About the Beds
Ewelme Watercress Beds & Local Nature Reserve is owned by The Chiltern Society who also support its conservation.
Ewelme, from the Old English 'Ae-whylme' (meaning 'waters whelming'), is situated at the western end of the Chilterns Area of Outstanding Natural Beauty on the north east catchment of the Thames valley. The 2.5 ha (6.5 acre) site extends the entire length of the village where the watercress industry once thrived, with product going to, among other places, Covent Garden Market in London.
Ewelme Brook, the source of water for the beds, once powered a mill in the village and at least two more a couple of miles downstream at Benson, before flowing into the Thames there.
Local Nature Reserves (LNRs) are designed to be of importance for wildlife, geology, education and public enjoyment. To find out more about them, visit the LNR pages in Natural England's website.
The original Nellie Bridge – a basic boardwalk used for taking watercress barrows to and from the beds – is gone, but an eponymous replica (above), built near the Watercress Beds Centre (main picture), can be used on open days. Sadly, we can only now guess who Nellie was.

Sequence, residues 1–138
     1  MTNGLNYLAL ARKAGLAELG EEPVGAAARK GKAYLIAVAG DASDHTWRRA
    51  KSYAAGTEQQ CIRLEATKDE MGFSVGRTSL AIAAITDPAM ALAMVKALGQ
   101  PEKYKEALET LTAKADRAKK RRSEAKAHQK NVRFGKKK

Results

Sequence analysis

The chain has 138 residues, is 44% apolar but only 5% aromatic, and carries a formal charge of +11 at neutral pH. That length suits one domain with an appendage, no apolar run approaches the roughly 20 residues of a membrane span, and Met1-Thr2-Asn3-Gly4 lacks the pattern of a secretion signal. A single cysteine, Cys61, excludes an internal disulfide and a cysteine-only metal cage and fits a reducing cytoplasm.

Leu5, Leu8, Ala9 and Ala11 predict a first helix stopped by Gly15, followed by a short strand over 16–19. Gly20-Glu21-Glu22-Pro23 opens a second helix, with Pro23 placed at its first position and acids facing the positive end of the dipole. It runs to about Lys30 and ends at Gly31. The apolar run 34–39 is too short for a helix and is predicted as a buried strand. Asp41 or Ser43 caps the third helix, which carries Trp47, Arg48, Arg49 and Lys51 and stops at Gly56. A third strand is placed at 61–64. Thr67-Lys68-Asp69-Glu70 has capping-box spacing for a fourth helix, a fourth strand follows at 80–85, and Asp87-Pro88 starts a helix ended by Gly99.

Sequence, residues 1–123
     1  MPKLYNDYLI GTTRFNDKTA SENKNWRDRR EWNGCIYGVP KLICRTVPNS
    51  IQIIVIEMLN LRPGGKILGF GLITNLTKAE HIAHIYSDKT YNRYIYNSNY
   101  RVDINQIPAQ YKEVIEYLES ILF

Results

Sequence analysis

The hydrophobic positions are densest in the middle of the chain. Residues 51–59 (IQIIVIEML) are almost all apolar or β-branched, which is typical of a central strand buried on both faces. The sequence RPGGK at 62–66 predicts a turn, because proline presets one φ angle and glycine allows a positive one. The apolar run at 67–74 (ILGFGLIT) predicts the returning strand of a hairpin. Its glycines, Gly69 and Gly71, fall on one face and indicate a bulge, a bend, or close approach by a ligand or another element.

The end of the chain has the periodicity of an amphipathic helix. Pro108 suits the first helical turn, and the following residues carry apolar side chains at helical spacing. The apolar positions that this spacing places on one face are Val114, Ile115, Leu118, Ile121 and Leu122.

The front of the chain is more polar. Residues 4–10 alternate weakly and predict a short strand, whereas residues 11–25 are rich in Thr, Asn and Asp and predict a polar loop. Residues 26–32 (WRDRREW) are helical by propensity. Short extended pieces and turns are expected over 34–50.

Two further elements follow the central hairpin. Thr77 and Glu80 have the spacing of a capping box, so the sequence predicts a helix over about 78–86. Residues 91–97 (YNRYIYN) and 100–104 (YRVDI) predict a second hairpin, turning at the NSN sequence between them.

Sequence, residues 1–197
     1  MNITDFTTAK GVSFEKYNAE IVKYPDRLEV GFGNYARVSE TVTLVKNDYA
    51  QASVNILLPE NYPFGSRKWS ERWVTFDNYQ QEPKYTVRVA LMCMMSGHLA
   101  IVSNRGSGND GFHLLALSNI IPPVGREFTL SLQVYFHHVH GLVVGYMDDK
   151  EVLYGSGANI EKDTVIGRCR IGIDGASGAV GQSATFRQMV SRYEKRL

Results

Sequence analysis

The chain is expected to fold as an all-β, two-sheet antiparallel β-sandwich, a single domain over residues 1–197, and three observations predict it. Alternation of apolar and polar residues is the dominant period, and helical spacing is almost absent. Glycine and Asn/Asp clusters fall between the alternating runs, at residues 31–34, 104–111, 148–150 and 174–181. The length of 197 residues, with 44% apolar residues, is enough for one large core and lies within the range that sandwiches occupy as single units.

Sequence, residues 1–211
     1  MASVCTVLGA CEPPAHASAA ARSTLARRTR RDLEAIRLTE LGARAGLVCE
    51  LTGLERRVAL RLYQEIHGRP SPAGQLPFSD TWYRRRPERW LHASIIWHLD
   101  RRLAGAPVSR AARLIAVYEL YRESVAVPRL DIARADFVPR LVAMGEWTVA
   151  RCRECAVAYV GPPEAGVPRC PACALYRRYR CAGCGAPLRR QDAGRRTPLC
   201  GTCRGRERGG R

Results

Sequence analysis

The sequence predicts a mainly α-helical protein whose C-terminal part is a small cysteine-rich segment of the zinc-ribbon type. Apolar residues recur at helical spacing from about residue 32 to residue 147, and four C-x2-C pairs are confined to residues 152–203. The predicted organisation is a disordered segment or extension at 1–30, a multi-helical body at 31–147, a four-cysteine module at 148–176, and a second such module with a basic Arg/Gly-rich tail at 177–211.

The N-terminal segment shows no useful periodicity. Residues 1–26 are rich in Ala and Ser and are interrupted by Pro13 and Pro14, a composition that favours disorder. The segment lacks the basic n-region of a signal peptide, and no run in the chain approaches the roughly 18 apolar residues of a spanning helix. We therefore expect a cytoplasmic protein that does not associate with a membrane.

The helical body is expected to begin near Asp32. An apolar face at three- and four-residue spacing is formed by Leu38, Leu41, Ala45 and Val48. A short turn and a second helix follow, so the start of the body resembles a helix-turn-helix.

Next to the High Street is a ford, which probably sits on an outcrop of harder rock. It used to give access to what is shown on old maps as Brownings Barn – now part of a private house.
The road bridge (Green Lane) spans what was once part of the mill pond. Four brick culverts there are set at different heights. The highest carries water only when the stream is in full flow, the lowest always has a flow unless the stream is completely dry.